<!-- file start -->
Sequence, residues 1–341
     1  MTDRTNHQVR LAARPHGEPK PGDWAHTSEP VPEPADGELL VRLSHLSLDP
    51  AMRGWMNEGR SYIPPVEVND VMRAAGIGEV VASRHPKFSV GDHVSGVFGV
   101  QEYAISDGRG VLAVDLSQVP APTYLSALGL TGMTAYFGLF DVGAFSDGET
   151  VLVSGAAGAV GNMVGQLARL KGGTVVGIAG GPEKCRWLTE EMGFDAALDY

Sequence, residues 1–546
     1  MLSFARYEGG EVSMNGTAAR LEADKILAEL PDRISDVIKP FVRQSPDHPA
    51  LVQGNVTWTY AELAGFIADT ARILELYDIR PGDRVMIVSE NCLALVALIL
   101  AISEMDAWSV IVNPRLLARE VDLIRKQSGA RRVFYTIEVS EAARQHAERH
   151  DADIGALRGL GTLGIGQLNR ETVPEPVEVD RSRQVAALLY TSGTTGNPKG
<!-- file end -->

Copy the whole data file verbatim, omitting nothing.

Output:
Sequence, residues 1–341
     1  MTDRTNHQVR LAARPHGEPK PGDWAHTSEP VPEPADGELL VRLSHLSLDP
    51  AMRGWMNEGR SYIPPVEVND VMRAAGIGEV VASRHPKFSV GDHVSGVFGV
   101  QEYAISDGRG VLAVDLSQVP APTYLSALGL TGMTAYFGLF DVGAFSDGET
   151  VLVSGAAGAV GNMVGQLARL KGGTVVGIAG GPEKCRWLTE EMGFDAALDY

Sequence, residues 1–546
     1  MLSFARYEGG EVSMNGTAAR LEADKILAEL PDRISDVIKP FVRQSPDHPA
    51  LVQGNVTWTY AELAGFIADT ARILELYDIR PGDRVMIVSE NCLALVALIL
   101  AISEMDAWSV IVNPRLLARE VDLIRKQSGA RRVFYTIEVS EAARQHAERH
   151  DADIGALRGL GTLGIGQLNR ETVPEPVEVD RSRQVAALLY TSGTTGNPKG